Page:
Pearce’s play would be more effective if there were more dramatic material that brought us up to Sassoon’s late-in-life conversion to the Faith.  The audience is not prepared for such a beautiful, subtle, and exquisite climax.  But such an apparent shortcoming in the dramatic structure is overcome by the rapture—the mild and persistent rapture—in Sassoon’s Catholic poetry, which brings the whole play up to an unexpected level at the end, a kind of beatific vision that transforms even the character of Death herself, who ushers Sassoon out of life with these words:

The chance to cease

Life’s labor’s test,

He grants you Peace,

Ite, missa est.

This is a haunting image, Death leading the Catholic Sassoon to the beyond with the words that dismiss all Catholics from the Mass.  This is a sea change from the mud and blood earlier in the play.  To usher Sassoon, the soldier turned cynic, now turned Catholic, into the afterlife with such a resonant phrase from the mouth of Death, who, like Sassoon, is a mocking accuser now turned mystic—this is a beautiful stroke, and, if not comprehensible or well prepared for dramatically, is nonetheless graceful and fulfilling on many levels.

Another highlight of the Blackfriars production was Wilfred Owen as played by Michael Raver, who, in his brief time on stage, made an unforgettable impression as a broken man, shattered by the abominations of the battlefield.  Indeed, it is Wilfred Owen, one of the many who died in World War I without the benefit of a long life and the grace of conversion, who has given us what is perhaps the most memorable poem of the War, with its famous line borrowed from Horace, and one of the most well-known poems of the 20th century—a poem that ends,

If in some smothering dreams, you too could pace

 

Behind the wagon that we flung him in,

 

And watch the white eyes writhing in his face,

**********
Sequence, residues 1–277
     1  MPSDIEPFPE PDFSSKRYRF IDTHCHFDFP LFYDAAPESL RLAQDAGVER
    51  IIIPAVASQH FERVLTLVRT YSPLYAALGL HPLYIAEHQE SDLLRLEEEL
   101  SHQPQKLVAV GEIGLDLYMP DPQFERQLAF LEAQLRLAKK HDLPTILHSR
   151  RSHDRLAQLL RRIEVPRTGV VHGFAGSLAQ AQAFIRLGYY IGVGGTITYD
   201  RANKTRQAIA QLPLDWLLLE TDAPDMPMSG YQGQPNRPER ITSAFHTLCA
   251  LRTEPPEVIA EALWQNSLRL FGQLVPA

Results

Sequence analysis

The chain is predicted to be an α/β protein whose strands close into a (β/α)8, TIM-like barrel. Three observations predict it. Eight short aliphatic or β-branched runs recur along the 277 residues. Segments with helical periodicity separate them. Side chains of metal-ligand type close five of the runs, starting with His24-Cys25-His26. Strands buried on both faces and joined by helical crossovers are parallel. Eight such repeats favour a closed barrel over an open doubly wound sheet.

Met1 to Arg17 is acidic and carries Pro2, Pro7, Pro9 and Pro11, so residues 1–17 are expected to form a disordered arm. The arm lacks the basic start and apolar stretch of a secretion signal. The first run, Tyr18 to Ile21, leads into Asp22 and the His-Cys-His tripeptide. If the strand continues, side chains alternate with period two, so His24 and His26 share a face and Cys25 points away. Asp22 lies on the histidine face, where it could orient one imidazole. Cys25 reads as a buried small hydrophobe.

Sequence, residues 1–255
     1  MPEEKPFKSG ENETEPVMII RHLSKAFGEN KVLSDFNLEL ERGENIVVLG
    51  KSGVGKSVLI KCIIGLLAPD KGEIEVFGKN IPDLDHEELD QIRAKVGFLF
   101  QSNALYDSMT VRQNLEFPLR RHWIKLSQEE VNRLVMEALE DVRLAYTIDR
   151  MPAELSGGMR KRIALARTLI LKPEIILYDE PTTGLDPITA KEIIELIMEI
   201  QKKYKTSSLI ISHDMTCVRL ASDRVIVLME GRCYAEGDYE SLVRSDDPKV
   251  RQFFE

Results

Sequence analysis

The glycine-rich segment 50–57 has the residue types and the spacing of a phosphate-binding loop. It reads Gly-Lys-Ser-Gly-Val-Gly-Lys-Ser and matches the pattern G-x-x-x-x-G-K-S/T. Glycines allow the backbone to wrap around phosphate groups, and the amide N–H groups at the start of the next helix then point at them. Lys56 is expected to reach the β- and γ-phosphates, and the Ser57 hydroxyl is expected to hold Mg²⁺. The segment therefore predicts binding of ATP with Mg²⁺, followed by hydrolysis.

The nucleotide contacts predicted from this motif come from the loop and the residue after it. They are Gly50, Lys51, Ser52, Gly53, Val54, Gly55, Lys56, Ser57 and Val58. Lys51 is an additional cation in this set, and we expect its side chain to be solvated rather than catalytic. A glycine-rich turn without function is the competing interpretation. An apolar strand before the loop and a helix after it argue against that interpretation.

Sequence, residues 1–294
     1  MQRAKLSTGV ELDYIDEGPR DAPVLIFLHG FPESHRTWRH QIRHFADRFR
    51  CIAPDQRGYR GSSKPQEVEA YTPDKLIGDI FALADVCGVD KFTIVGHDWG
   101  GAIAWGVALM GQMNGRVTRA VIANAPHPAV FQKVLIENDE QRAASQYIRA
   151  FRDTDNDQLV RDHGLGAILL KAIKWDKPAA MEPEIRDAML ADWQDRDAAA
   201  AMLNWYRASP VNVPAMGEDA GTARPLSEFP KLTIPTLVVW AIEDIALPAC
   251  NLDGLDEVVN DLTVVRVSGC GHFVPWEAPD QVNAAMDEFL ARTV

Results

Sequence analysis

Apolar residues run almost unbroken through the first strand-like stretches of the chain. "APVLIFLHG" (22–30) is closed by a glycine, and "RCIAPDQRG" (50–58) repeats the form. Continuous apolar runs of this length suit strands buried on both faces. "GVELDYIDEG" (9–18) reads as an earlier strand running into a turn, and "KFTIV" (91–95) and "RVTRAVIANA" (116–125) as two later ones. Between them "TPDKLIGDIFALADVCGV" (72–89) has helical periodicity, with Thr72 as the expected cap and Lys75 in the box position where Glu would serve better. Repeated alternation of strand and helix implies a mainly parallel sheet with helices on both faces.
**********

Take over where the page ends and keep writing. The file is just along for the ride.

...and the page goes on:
His hanging face, like a devil’s sick of sin;

 

If you could hear, at every jolt, the blood

 

Come gargling from the froth-corrupted lungs,

 

Obscene as cancer, bitter as the cud

 

Of vile, incurable sores on innocent tongues,—

My friend, you would not tell with such high zest 

To children ardent for some desperate glory,

 

The old Lie: Dulce et decorum est 

Pro patria mori.

And yet we know that, for all its artistry and honesty, for all its hope turned sour, for all its realism that gives the lie to the false glory that betrays the true glory, we know that this poem is not the entire story.  The play does not end here, nor do we.

Dulce et Decorum Est” comes midway through the play.  Owen says little more, for he is soon drawn to his exit by Death.

But Siegfried Sassoon lives on.  His exit comes later.  And the vision of Sassoon, as an old man and a Christian, completes, with an equal honesty and ardor, the vision of Sassoon as a young man and a cynic.  What is “sweet and proper” in Death Comes for the War Poets is not to die for the fatherland, but to die for the Father, Whom Sassoon is sent to meet as the sacrifice of his life is ended.

 

Death Comes for the War Poets: A Verse Tapestry, by Joseph Pearce (South Bend, IN: St. Augustine’s Press) 80 pp., $18.98